Wednesday, July 27, 2011


There is so much sadness. In the news and closer to home. When the news from Norway hit on Friday I was in disbelief. A bomb? A mass murderer killing innocent teens on an island? A nightmare that had me checking my Twitter feed every couple of minutes. Maybe it was a hoax? Surely not 80 people dead, surely not? A peace-loving, (in my head) idyllic, modern Scandinavian country in the grips of a hateful, spiteful lunatic. One person causing so much pain and suffering to so many others. It was hard to believe but I had to.

It makes me worry, it really does. Right-wing extremist views have gotten more and more foothold in Europe over the last couple of years. Anti-multiculturalism, anti-Islamic and overly nationalistic political views have seemingly gotten more mainstream, somehow more acceptable. Historically speaking, I think it is a symptom of the global recession. Think back to continental Europe in the 1930's. Recession, unemployment, general feeling of malaise. One man placed the blame on the Jewish people. Stealing "our" jobs, forcing "their" culture, "their" way of life on "us". "They're" different to "us", "they" should be gotten rid of. Sound familiar? We all know how that panned out.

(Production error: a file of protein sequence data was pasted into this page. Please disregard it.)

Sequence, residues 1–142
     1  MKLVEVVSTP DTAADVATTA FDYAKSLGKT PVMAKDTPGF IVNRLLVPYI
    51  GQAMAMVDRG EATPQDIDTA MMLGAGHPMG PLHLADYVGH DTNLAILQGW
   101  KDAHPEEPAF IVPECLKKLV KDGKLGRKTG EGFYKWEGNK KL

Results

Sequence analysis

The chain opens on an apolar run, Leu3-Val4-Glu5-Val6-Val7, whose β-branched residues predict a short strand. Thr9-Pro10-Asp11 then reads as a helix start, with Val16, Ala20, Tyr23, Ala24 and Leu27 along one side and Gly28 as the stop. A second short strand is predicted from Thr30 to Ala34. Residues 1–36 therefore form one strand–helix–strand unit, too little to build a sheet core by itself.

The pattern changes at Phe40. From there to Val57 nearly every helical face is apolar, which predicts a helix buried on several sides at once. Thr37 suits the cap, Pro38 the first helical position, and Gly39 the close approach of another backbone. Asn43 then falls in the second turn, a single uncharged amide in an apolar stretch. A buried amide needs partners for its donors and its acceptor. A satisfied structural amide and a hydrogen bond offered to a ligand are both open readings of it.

I was reading this piece on both Finnish and English news and I cried when I could only scarcely imagine the horror. The girl, 16 years of age, sending text messages to her mother who is following the news, pleading her daughter to send her a sign of life every five minutes. Horrific.

I've stopped following the story in the news now. It's getting out of hand, and I have had enough. I read the story about the couple who rescued tens of those trapped on the island, risking their own lives in the process, by going back and over the water on their boat. That was where I wanted to stop. A little ray of positivity to restore my faith in humankind. I have no interest in what the media will dig out next. I agree wholeheartedly with Charlie Brooker; the shooter does not deserve this publicity he so clearly was after.

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